Many rulers of Rome have names so obscure the average student is ignorant of them. On the other hand names like Julius Caesar, Hadrian, Tiberius, Caligula and especially that of the first Emperor, Augustus Caesar, have rung down the centuries like so many turbulent bells.
Gaius Julius Caesar Octavianus was born sixty-three years before the birth of Christ, and died fourteen years after the Crucifixion. Before this extraordinary man there had been no emperors. He is a particularly distinguished member of the Caesar family, and was Julius Caesar’s nephew. He first came to prominence at the age of nineteen following the assassination in the senate of his uncle Julius. In order to understand this murder, the student must learn that its plotters were entirely upper members of the ruling class and caste in Rome; chief republican conspirators Brutus and Cassius were conspicuously important members of Julius’ inner cabinet of administrators. They killed ‘The Divine Julius’ because they were against the idea of a Roman Empire, or an Emperor, and Julius had promised them both.
After Caesar died of his wounds a power struggle began between followers of Marc Antony and those of Brutus and Cassius. Antony was a first-class soldier and diplomat who might well have become a great ruler if he had not succumbed to the twin attractions of drink and women. He was not serious enough, whereas Octavius was only too serious. He joined the Second Triuvirate with Lepidus and Antony, making a threesome of dictators.
The republicans, who wanted nothing to do with kings or emperors of Rome, were led into defeat at the Battle of Philippi (42 B.C.). Both Brutus and Cassius committed suicide, according to Roman (and Japanese) tradition, having failed. It is worth mentioning that historians have suggested it likely that Brutus was a son of Julius Caesar, which makes him both a regicide and a patricide.
After the debris of the great battle had been cleared away, including noble but useless Lepidus, Antony and Octavian (still only nineteen) divided up the Empire between them. Antony had the East, Octavian the West. Ruling the East meant Antony was fated to meet Cleopatra, a fascinating Queen of Egypt, who proceeded to fascinate Antony so much he forgot his imperial ambitions and settled down (mostly in bed) with his Egyptian lady. He also married Octavian’s sister, and mistreated her, a bad mistake to add to all the others. Octavian took umbrage, and the Battle of Actium (31 B.C.) was the result.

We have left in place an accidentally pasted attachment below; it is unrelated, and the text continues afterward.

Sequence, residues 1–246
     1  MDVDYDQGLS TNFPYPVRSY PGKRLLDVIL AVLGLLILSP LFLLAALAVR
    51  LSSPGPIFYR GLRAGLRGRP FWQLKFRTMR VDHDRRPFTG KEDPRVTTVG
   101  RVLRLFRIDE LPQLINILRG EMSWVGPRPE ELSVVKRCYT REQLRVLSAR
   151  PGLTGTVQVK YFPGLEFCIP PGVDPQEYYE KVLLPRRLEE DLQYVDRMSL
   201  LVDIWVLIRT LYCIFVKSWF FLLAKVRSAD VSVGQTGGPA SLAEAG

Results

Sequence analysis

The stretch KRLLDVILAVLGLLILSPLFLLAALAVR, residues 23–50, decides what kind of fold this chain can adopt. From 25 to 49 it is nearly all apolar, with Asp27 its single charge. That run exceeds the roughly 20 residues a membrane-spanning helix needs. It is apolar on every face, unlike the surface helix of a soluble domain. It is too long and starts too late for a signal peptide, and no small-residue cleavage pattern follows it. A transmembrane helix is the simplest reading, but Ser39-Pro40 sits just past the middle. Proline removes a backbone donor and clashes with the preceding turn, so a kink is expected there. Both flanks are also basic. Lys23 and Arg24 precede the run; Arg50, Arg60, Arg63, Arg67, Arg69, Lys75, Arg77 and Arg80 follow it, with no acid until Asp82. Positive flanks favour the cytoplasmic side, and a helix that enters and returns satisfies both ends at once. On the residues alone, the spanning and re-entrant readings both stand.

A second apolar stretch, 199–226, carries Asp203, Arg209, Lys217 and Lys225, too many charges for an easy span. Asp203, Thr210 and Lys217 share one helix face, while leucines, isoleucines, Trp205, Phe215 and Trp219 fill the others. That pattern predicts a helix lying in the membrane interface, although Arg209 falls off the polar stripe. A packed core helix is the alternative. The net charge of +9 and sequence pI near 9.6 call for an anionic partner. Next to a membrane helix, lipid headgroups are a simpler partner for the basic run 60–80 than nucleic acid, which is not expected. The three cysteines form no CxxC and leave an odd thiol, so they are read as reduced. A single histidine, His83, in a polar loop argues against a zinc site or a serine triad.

Octavian defeated a rather drunk and exhausted Antony, and instantly achieved total supremacy. He took over responsibility for Rome’s military provinces, and the garrisons. He married Livia, a member of one of Rome’s most illustrious patrician families. Still young, his leadership of the Roman legions won important battles in Asia, Spain, Pannonia, Dalmatia and Gaul. The Senate named his Emperor, which in fact is the translation of Augustus.
But Germania (now Germany) was his only pitfall; his generals were defeated in thick forest by Arminius, who took the Roman standards as a prize. It is said that Augustus never recovered from the loss of his legions in Germania, nor the standards.
Now growing older, Augustus needed every drop of his formidable intelligence to control his own ambitious family and that of his supremely ambitious wife Livia. Though he was an absolute monarch, he managed to rule preserving the institutions of republican government, which is an extraordinary achievement. He must have been an awe-inspiring man, for he loved his friends and company, eating and drinking, games of chance, though he never had the reputation of being a womaniser. It is said however that one never knew where one was with him, for he could order your death after dining happily with you. Livia, herself a terrifyingly intelligent and calculating woman, seems to have kept a tight rein on her husband, meanwhile doing away (usually by poisoning) with any serious rivals to her son Tiberius’ eventual accession. Tiberius was fruit of a previous marriage.
Between the occasional battle, the occasional family shock or feud and between gargantuan meals taken most uncomfortably lying down, Augustus created the Principate, a system of stable and effective monarchic government, during fifty uncertain years. The ‘Augustan Age’ brought a certain degree of security (except for discovered enemies of Livia), prosperity and general content to the Roman Empire.
His patronage enabled poets of the calibre of Virgil, Horace and Livy to compose literature which has (mostly) survived. He re-designed and re-built most of Rome. In 14 A.D. at the age of sixty-seven he died, his death possibly, though not certainly, assisted by his wife Livia, who went on to survive her own son Tiberius’ dangerous monarchy, though Caligula’s proved too much, even for her.
Students of Augustus could do worse than to watch all episodes of the TV version of Robert Graves’ books I, Claudius and Claudius the King superbly made by the BBC in the Seventies, if only for the remarkable interpretation of Augustus Caesar given by the British actor Brian Blessed, the Livia of Peter O’Toole’s gaunt and hypnotic wife Sian Phillips, and of course the most famous filmed version of a stammerer ever given: Derek Jacobi as Clo-Clo-Claudius.